It was Arnold who kept mirrors away from me. He hid the one in the bathroom under newspapers and magazine pictures of ladies with no clothes on. He told my mother that mirrors in bathrooms were both awfully bourgeois and terribly lower-class—neither of which my mother wanted to be. She laughed at him, but kept mirrors out of my reach, too.
When the daycare centre made comments about how much hair I shed, Arnold suggested I stop going. He promised he would keep me company. Mother called up one of her friends for an objective opinion. The friend was a school teacher. The school teacher was invited to tea. She had very curly, coiled hair and a dress covered with purple and orange flowers. She is one of my earliest memories.
She buttered a crumpet for me and said to Arnold and Annabelle: ‘She’s so much smaller than the other children, I’m afraid they’d trample her.’
Arnold gave her the rest of the Victoria Sponge, which he had bought specially for the occasion. Annabelle said she seemed to be better at managing other people’s money than managing me. She got another promotion at work.
Thinking back to my early memories, I don’t remember ever being particularly worried about mirrors or lack thereof. There were many interesting things to look at. Traffic lights, dogs, people’s coats. My mother fussed over her appearance in private, so it never occurred to me to fuss over mine. Arnold only emerged from his room as Arnold. He was not required to fabricate a daily persona.
Arnold was relaxed in his care-taking duties. He read plays and smoked a pipe, and stuck me in front of soap operas. He bought the block letters of the alphabet but never actually bothered to teach me their order. I learnt the most through watching the people inside the television. I noticed they all looked the same. The women had pale unblemished and hairless skin and wore similar clothes. The men had straight noses and square foreheads and short hair. I also realised that everyone seemed to pair off. Most men were talking about girls, and most women were talking about men. After two people in the box got married, I asked Arnold why he wasn’t. He told me he had never met the right woman.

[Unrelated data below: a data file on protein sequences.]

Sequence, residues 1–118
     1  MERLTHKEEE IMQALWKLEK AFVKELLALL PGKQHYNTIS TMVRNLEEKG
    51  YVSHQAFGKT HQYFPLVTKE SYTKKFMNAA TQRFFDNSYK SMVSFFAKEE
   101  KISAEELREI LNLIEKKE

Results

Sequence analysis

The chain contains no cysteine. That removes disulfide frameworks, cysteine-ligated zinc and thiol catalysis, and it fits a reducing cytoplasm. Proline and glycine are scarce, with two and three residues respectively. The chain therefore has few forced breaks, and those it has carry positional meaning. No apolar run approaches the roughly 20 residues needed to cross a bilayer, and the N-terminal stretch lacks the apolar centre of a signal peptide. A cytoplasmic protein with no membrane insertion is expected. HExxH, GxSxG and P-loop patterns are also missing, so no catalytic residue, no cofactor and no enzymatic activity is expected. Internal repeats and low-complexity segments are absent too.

We were eating shepherd’s pie, which Arnold had bought from a corner shop. My mother told me I shouldn’t bother Arnold with such trivial matters. I asked who my father was. My mother drank more wine.
This exchange led Arnold to believe I was an exceptionally bright child. Which I was, since I’d only just turned three. He began to sit down with me and gossip for hours. Arnold was a ruthless gossip. He said Annabelle had met a man when she was twenty-five.
My father was eight years older than her and a stockbroker. He took her on weekends away in Kent and Dorset. He was bald, and Arnold had never seen him without a pair of sunglasses. They had broken it off shortly before Annabelle found out she was pregnant. When she told my father she was expecting, he asked her how she could be sure it was his.
So you see, this chapter was only ever about arseholes after all.